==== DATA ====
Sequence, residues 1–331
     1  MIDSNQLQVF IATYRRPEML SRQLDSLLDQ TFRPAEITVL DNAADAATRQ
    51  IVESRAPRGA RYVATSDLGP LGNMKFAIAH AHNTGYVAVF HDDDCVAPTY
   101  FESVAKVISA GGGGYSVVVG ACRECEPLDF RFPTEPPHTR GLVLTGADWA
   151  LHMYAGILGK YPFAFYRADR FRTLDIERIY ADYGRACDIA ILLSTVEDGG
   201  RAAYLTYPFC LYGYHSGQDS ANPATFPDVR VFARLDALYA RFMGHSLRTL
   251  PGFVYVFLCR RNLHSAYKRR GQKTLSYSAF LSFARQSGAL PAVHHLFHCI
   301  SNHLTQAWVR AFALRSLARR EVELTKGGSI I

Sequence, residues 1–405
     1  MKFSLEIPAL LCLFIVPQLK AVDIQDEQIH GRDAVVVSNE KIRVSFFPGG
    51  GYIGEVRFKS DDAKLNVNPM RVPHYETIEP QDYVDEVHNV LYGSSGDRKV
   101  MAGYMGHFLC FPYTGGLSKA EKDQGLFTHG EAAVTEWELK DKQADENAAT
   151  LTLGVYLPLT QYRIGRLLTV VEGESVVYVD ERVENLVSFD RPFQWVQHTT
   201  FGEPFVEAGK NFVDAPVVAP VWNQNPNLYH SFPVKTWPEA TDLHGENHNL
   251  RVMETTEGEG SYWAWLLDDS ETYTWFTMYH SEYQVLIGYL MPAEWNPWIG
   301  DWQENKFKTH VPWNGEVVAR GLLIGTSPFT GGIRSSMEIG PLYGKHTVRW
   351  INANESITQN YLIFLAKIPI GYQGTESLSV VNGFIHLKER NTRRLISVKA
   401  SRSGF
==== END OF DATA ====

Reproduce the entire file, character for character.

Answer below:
Sequence, residues 1–331
     1  MIDSNQLQVF IATYRRPEML SRQLDSLLDQ TFRPAEITVL DNAADAATRQ
    51  IVESRAPRGA RYVATSDLGP LGNMKFAIAH AHNTGYVAVF HDDDCVAPTY
   101  FESVAKVISA GGGGYSVVVG ACRECEPLDF RFPTEPPHTR GLVLTGADWA
   151  LHMYAGILGK YPFAFYRADR FRTLDIERIY ADYGRACDIA ILLSTVEDGG
   201  RAAYLTYPFC LYGYHSGQDS ANPATFPDVR VFARLDALYA RFMGHSLRTL
   251  PGFVYVFLCR RNLHSAYKRR GQKTLSYSAF LSFARQSGAL PAVHHLFHCI
   301  SNHLTQAWVR AFALRSLARR EVELTKGGSI I

Sequence, residues 1–405
     1  MKFSLEIPAL LCLFIVPQLK AVDIQDEQIH GRDAVVVSNE KIRVSFFPGG
    51  GYIGEVRFKS DDAKLNVNPM RVPHYETIEP QDYVDEVHNV LYGSSGDRKV
   101  MAGYMGHFLC FPYTGGLSKA EKDQGLFTHG EAAVTEWELK DKQADENAAT
   151  LTLGVYLPLT QYRIGRLLTV VEGESVVYVD ERVENLVSFD RPFQWVQHTT
   201  FGEPFVEAGK NFVDAPVVAP VWNQNPNLYH SFPVKTWPEA TDLHGENHNL
   251  RVMETTEGEG SYWAWLLDDS ETYTWFTMYH SEYQVLIGYL MPAEWNPWIG
   301  DWQENKFKTH VPWNGEVVAR GLLIGTSPFT GGIRSSMEIG PLYGKHTVRW
   351  INANESITQN YLIFLAKIPI GYQGTESLSV VNGFIHLKER NTRRLISVKA
   401  SRSGF